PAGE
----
| DETROIT, March 23
DETROIT, March 23 When U.S. President Donald
Trump announced a review last week of tough Obama-era vehicle
emissions and fuel-efficiency standards, he proclaimed that the
"assault on the American auto industry is over."
But rules set by the Environmental Protection Agency may
take a backseat to consumers demanding vehicles that guzzle less
gas and automakers having to meet tougher standards if they want
to export cars overseas, according to auto industry analysts.
In the end, U.S. carmakers may just gain a few more years to
meet the more stringent targets that former President Barack
Obama's administration negotiated with the companies in 2012,
If Europe and China continue to toughen their emissions
standards, "the U.S. might become an outlier," American Axle
President Mike Simonte told Reuters on Thursday.
Trump's move was widely seen leading to a rollback or
loosening of more stringent targets, which would slash vehicle
exhaust emissions while effectively doubling average fuel
economy to 54.5 miles per gallon by 2025.
Automakers have argued the rules for 2022-2025 are too
expensive and could cost American jobs, so the Trump
administration’s review was seen as a win for them.
On a conference call Thursday with investors, Bob Shanks,
Ford Motor Co's chief financial officer, said, “We are not
seeking a rollback in any way. We just want to have a
conversation around the levels we want to achieve.”
Despite what the EPA may want, California and nine other
states in the Zero Emission Vehicle program — eight in the
northeast, plus Oregon — are expected to move ahead on Friday
with the previously established targets.
Those states account for nearly 30 percent of U.S. auto
The potential divide with the rest of the country could
create a “two-tiered environment with two sets of regulations,”
said Mark Wakefield, managing director of AlixPartners’
automotive practice. This “could drive costs higher if
automakers have to build two versions of the same vehicle to
meet the two different standards.”
The Alliance of Automobile Manufacturers, a trade group that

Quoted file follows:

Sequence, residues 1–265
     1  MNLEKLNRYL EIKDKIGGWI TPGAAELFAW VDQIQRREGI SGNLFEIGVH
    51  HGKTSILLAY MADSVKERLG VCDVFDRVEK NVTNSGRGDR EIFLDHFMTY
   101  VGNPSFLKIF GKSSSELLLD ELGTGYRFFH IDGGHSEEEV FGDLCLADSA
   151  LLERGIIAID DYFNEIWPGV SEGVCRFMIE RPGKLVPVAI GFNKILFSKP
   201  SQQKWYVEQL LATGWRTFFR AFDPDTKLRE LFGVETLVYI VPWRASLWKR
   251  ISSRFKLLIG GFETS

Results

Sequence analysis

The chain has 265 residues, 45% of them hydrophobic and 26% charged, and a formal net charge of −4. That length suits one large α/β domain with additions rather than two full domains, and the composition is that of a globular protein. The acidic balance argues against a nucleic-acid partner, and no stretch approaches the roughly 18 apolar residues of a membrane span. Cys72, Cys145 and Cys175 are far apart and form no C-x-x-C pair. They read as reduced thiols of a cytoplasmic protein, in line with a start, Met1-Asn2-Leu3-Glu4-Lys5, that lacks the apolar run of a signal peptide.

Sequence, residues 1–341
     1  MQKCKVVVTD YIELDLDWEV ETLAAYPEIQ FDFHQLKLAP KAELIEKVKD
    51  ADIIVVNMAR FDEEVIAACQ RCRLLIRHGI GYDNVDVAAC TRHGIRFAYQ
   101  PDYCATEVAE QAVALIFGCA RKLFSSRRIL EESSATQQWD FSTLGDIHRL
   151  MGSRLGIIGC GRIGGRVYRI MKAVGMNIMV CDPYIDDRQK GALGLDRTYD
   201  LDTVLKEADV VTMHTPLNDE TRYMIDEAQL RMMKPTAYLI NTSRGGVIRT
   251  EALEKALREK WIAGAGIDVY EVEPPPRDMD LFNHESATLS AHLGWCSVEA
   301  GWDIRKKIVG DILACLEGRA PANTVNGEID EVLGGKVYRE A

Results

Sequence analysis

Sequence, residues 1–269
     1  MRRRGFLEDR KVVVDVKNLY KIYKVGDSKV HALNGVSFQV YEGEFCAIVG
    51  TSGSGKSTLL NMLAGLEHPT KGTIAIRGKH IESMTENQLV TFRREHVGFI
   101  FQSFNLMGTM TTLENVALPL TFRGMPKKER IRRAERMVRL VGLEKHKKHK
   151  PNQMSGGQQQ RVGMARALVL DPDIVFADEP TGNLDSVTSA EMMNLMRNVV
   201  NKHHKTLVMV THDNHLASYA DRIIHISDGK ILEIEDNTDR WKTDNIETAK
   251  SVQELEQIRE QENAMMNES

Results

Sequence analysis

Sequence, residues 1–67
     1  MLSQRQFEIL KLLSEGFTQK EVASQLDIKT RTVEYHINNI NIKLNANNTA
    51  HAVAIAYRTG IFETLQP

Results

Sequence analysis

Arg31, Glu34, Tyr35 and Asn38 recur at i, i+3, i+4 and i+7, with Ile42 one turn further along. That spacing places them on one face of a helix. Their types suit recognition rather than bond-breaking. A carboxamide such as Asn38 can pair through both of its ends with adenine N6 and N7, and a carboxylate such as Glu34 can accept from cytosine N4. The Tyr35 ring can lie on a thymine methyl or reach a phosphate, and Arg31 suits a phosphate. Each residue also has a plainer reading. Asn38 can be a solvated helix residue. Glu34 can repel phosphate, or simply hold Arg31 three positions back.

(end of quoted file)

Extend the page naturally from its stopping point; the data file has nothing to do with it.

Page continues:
sued to overturn the Obama-era rules on behalf of several big
automakers, wrote the White House on Thursday urging talks to
begin quickly with California to ensure that national standards
remain in place.
“Automakers seek certainty, predictability and rationality –
over time – from the regulatory process,” the group's CEO Mitch
“EPA A DISTANT THIRD”
Kristin Dziczek, director of the Center for Automotive
Research’s labor and industry group, said U.S. automakers could
find it hard to export cars to markets such as China and Europe
with tougher regulatory regimes if the U.S. targets were
“I don't think we’re going to see a rollback,” she said. “At
most, I think we may see a slowing of the timetable” for
implementing the tougher standards.
AlixPartners’ Wakefield said if China, the world’s largest
market, continues pushing electric vehicles while America
backpedals, it could lead to “some movement of investment from
the U.S. to China, especially as the latter market continues to
General Motors Co and Fiat Chrysler Automobiles NV
referred Reuters to public comments made by the
industry’s lobbying group, the Alliance of Automobile
EPA Administrator Scott Pruitt, a climate change skeptic,
said the Obama administration estimated it would cost $200
billion over 13 years to comply with stricter standards, which
he believes will lead to higher prices for consumers and jobs
leaving the country.
Morgan Stanley analyst Adam Jonas said the auto industry
expected to miss the 2022-2025 targets regardless of who
occupied the White House, but he believes the EPA’s recent move
may carry relatively little weight.
“Of all the things that are likely to drive fuel economy, I
would rank the EPA a distant third on the list, behind consumer
preferences and the direction of technology,” he said.
United Auto Workers union President Dennis Williams said
while around 60 percent of U.S. auto sales are currently trucks
and SUVs, consumers value fuel-economy improvements for those
“The automakers shouldn’t make the mistake of sliding
backward,” Williams said. “We’re here to protect our (union)
members, but we understand that in doing so we also have to look
at the future.”
(Reporting by Nick Carey and Paul Lienert in Detroit;
Additional reporting by David Shepardson in Washington; Editing
by Lisa Shumaker)